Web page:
Cool Smooth & Sassy
© 1999 Tom Tomoser (602052620085) (format: CD-R)
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Sophisticated, lush, plush ballads with changes that will melt you like putty in somebody's hands. Utterly sexy renditions of romantic fair just right for low lights and intimate conversations with your special love partner.
1 I Knew a Nice Young Man
2 Pretty Lady
4 You're Free to Go
5 Nothing but a Smile
6 Misty Morning Girl
7 Before You Go.
8 There Is No End
9 Wind Beneath My Wings
10 Love Is Give and Take
11 Touch of Love
12 Girl in My Dreams
Important Note: As the producer of this album and composer of 11 of the 12 songs on this CD, I want to say that Cut 9 “Wind Beneath My Wings” is the best cut on the CD. Great musicians did a great job on a great tune, and it shows in every aspect of their rendition of this gorgeous song. 5 guys played their hearts out on this song, and like Frank said, “It feels so good when it’s so right.” “Wind Beneath My Wings” recently received an award for being played 6,000,000 times on the radio, that in and of itself tells you that it’s a song that most everybody likes. That’s why I put it on here in the first place. In the second place I don’t think I have ever heard an instrumental version of the song. So folks go right to Track 9 and see what I’m talking about, then come back and read about and listen to the rest of the music on “Cool Smooth & Sassy.”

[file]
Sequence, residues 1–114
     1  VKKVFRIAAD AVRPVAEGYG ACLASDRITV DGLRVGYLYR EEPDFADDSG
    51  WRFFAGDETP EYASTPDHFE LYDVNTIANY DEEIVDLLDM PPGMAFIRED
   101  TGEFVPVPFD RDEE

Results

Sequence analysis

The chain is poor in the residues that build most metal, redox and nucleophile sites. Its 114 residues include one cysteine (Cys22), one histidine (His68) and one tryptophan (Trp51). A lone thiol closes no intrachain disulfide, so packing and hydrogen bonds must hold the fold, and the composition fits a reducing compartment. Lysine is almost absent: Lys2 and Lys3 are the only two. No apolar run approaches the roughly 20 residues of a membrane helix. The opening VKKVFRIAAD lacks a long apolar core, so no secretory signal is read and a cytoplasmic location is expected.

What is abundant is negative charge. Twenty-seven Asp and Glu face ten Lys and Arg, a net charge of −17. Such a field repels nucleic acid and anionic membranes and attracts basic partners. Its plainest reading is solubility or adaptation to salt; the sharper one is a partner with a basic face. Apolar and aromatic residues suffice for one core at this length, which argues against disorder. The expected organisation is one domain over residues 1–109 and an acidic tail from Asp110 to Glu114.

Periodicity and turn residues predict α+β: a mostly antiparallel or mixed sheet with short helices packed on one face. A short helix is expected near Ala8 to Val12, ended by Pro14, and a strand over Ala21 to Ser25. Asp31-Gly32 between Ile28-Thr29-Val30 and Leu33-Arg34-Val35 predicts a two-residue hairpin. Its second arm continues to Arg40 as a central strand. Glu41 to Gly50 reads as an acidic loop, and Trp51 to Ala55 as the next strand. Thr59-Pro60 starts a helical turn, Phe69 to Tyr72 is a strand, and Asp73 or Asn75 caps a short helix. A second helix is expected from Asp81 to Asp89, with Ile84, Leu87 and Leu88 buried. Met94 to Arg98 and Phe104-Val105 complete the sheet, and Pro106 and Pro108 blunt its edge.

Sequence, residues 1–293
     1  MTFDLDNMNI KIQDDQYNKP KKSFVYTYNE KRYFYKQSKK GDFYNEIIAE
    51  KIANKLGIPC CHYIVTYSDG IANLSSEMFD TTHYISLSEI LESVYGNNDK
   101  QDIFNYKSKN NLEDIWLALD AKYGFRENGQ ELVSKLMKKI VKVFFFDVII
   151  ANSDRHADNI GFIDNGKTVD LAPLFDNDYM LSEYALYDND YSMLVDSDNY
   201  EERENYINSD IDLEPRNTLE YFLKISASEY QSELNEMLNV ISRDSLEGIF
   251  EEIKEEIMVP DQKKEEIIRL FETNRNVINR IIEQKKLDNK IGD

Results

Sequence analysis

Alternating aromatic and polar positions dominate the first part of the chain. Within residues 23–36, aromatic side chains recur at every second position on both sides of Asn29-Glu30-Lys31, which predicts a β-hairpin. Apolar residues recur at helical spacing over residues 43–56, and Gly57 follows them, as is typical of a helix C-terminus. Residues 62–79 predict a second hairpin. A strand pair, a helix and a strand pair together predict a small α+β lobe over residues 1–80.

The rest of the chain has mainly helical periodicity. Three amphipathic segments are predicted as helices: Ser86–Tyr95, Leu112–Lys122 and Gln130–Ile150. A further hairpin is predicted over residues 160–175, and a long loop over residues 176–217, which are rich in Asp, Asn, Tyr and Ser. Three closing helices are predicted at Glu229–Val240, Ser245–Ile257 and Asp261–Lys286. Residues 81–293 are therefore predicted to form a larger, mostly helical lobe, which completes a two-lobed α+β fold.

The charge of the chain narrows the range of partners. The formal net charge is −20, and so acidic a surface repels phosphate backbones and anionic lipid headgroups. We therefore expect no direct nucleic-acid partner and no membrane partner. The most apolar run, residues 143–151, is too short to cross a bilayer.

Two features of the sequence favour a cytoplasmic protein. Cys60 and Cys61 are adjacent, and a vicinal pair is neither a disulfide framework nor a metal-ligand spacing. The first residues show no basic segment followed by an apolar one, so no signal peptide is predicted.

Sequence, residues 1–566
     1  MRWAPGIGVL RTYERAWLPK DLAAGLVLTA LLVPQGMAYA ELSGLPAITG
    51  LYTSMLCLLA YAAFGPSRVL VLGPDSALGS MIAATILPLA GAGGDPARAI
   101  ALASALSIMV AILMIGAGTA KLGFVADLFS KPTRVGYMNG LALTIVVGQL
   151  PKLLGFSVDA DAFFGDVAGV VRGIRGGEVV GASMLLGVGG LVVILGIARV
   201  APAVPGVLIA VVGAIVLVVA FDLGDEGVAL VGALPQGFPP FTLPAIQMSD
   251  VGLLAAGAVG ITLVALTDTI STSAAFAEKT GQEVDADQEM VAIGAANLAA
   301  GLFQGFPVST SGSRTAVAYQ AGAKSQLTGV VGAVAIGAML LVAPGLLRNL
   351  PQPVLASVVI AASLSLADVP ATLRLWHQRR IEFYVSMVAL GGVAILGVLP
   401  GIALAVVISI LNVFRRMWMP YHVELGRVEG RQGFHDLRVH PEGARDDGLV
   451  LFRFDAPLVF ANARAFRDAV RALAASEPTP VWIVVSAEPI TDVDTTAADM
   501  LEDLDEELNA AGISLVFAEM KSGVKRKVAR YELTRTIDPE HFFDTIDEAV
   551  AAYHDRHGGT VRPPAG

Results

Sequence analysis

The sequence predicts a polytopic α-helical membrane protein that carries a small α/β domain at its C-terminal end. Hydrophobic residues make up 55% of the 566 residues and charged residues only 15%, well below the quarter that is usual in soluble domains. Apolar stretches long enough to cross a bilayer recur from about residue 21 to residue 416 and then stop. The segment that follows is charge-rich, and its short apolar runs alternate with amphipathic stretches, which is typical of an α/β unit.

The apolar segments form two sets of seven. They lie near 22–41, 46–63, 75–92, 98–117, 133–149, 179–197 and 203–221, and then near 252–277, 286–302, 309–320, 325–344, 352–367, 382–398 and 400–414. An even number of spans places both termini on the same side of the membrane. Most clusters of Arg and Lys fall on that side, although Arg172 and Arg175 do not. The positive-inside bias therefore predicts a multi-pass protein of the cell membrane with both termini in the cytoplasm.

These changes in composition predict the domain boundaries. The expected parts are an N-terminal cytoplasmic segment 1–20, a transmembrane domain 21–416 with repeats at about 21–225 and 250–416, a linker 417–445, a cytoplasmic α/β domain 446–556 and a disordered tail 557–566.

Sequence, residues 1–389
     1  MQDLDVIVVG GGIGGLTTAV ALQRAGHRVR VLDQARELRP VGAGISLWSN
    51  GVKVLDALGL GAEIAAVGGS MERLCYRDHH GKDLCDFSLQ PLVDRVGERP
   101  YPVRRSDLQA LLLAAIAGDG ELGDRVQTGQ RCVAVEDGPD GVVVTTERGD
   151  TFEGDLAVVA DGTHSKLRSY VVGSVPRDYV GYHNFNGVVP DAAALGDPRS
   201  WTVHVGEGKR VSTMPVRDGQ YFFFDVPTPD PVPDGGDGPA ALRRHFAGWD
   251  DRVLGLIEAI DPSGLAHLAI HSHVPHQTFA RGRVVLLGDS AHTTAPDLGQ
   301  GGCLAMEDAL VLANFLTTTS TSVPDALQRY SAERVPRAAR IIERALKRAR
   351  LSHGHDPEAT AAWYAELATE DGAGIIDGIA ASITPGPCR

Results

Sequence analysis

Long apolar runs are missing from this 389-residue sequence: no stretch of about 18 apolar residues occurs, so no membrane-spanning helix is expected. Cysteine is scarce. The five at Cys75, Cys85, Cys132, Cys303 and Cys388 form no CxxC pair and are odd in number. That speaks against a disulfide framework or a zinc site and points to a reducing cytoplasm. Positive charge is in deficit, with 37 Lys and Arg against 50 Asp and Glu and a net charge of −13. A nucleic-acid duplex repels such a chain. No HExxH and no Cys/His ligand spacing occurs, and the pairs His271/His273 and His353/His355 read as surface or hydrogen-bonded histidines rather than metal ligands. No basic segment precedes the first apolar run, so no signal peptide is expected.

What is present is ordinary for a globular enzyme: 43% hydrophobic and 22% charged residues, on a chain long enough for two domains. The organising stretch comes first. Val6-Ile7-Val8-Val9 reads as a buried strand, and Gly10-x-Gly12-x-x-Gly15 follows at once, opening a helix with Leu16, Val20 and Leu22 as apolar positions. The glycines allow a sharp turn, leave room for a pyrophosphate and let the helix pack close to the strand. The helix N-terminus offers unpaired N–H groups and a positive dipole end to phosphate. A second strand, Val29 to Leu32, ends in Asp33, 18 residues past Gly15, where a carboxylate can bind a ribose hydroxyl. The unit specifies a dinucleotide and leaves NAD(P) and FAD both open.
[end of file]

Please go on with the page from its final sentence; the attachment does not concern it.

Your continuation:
“I Knew a Nice young Man” This was the original version of “Killer Alcohol” written in 1995 to announce by song that drinking and driving can lead to death. There is a 3rd version of this song with a vocal by Sharon Saulnier available on another CD & DVD called “Concert Clips. I had Joe Genovese do this instrumental version for this CD because it is so right for this collection of touching songs. (Insert Clip of Killer Alcohol.
2. “Pretty Lady” Is a clean blues tune with a great call and response by electric guitar, played by Ron Cooley. Paul Parker plays an exceptionally solid blues track, and Erik Hansen puts a very good bass line under it all. I don’t remember the drummer’s name of this song but he became a new father the day we recorded this track. “Pretty Lady” was selected for this CD because when Joe added his snappy tenor sax to the piece it made for a beautiful contrast sitting between “I Knew A Nice Young Man”and “Gabrielle.” “Pretty Lady” is good old-fashioned blues with some great musicianship by the boys in the band.
3. “Gabrielle” This is a song inspired by a big-busted pretty girl that was a cashier at a grocery store where I shopped. I decided early on that the melody and harmonies inspired by this knock out girl should have a full-blown orchestral production to do it justice. I hired an arranger, told her I wanted strings, she got the Omaha Symphony string section. I also wanted background vocals, flute, flugehorn, piano, and Bass. She added harp, which was a neat touch. It came down just right when we recorded it with some beautiful work being done. Paul Parker not only played piano but also he did a delicate duet playing flute alongside Mike Alverson’s Flugelhorn. Rick Swanson laid down just the right drum line and like wise Brian Sampson on bass. The girl on harp added an angelic touch to “Gabrielle.” Enjoy this great production of a sweet tune about a beautiful buxom beauty.